This little board has an STM32 microcontroller pre-programmed with Espruino all ready to go so you can start playing immediately. Warning: if you only use Assembly and think that even embedded C/C++ is for wimps, this device might explody your head.
- 22 GPIO pins: 9 analog inputs, 21 PWM, 2 serial, 3 SPI, 3 I2C
- All GPIO is 3.3V but 5 volt tolerant
- 2 rows of 9 0.1” pins, with a third 0.05” row of 8 pins on the end
- On-board USB “PCB Type” connector, plugs right into any computer USB port
- Two on-board LEDs and one button
- STM32F401CDU6 CPU - ARM Cortex
- On-board 3.3v 250mA voltage regulator, accepts voltages from 3.5v to 16v
- Current draw in sleep: < 0.05mA - over 2.5 years on a 2500mAh battery
- On-board FET can be used to drive high-current outputs
Note: As of Friday, October 2nd, 2015 we are selling the updated Pico with both a more helpful silkscreen marking for power, an updated USB power diode, and a 500mA polyfuse added!
The Pico is also designed to be easy to include in your own designs and builds. The .01” pins are easy to fit in to sockets, and castellated edges mean that unpinned Picos can easily be surface-mounted directly to a PCB. And to make it even easier, Espruino provided a part library for Eagle CAD that includes the Pico’s footprint in several different configurations.
The Espruino Pico’s fast response time has a lot of advantages. It allows for quick and easy debugging and is a great way to test your project before your big reveal. In addition, you can control the Espruino from almost anything - Windows, Mac OS, Linux, RasPi, Android, anything that can talk to a USB Serial port.
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This is the latest stable release of CircuitPython that will work with the Espruino Pico.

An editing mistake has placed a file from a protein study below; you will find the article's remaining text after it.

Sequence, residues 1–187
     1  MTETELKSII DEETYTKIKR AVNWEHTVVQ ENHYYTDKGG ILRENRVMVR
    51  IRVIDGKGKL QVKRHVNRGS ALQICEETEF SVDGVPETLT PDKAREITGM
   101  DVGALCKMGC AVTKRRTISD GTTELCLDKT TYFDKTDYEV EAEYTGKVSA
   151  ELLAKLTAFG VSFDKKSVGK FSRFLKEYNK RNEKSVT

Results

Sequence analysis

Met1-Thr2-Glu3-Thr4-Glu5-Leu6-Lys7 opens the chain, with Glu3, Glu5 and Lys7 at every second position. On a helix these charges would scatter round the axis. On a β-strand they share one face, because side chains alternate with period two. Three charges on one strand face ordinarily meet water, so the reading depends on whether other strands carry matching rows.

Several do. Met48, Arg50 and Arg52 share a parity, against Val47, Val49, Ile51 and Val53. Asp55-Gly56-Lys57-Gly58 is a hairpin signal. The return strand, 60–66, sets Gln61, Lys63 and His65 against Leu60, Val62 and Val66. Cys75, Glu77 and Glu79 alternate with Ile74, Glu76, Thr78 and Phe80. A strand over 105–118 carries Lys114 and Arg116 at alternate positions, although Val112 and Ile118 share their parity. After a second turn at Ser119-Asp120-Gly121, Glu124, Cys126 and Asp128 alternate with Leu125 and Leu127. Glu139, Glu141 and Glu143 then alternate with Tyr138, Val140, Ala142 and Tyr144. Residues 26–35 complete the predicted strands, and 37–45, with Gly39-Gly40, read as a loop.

Use this release if you are new to CircuitPython.
Built-in modules available: _asyncio, _pixelmap, adafruit_pixelbuf, analogio, array, atexit, binascii, bitbangio, board, builtins, builtins.pow3, busio, busio.SPI, busio.UART, collections, digitalio, displayio, errno, fontio, getpass, io, json, math, microcontroller, neopixel_write, onewireio, os, os.getenv, pulseio, pwmio, rainbowio, random, re, rtc, sdcardio, select, storage, struct, supervisor, sys, terminalio, time, touchio, traceback, usb_cdc, usb_hid, usb_midi, zlib
This is the latest development release of CircuitPython that will work with the Espruino Pico.
Alpha development releases are early releases. They are unfinished, are likely to have bugs, and the features they provide may change. Beta releases may have some bugs and unfinished features, but should be suitable for many uses. A Release Candidate (rc) release is considered done and will become the next stable release, assuming no further issues are found.
Please try alpha, beta, and rc releases if you are able. Your testing is invaluable: it helps us uncover and find issues quickly.
Built-in modules available: _asyncio, _pixelmap, adafruit_pixelbuf, analogio, array, atexit, binascii, bitbangio, board, builtins, builtins.pow3, busdisplay, busio, busio.SPI, busio.UART, collections, digitalio, displayio, epaperdisplay, errno, fontio, fourwire, getpass, i2cdisplaybus, io, json, locale, math, microcontroller, neopixel_write, onewireio, os, os.getenv, pulseio, pwmio, rainbowio, random, re, rtc, sdcardio, select, storage, struct, supervisor, sys, terminalio, time, touchio, traceback, usb_cdc, usb_hid, usb_midi, warnings, zlib
Every time we commit new code to CircuitPython we automatically build binaries for each board and language. The binaries are stored on Amazon S3, organized by board, and then by language. These releases are even newer than the development release listed above. Try them if you want the absolute latest and are feeling daring or want to see if a problem has been fixed.
Previous Versions of CircuitPython
All previous releases of CircuitPython are available for download from Amazon S3 through the button below. For very old releases, look in the OLD/ folder for each board. Release notes for each release are available at GitHub button below.
Older releases are useful for testing if you something appears to be broken in a newer release but used to work, or if you have older code that depends on features only available in an older release. Otherwise we recommend using the latest stable release.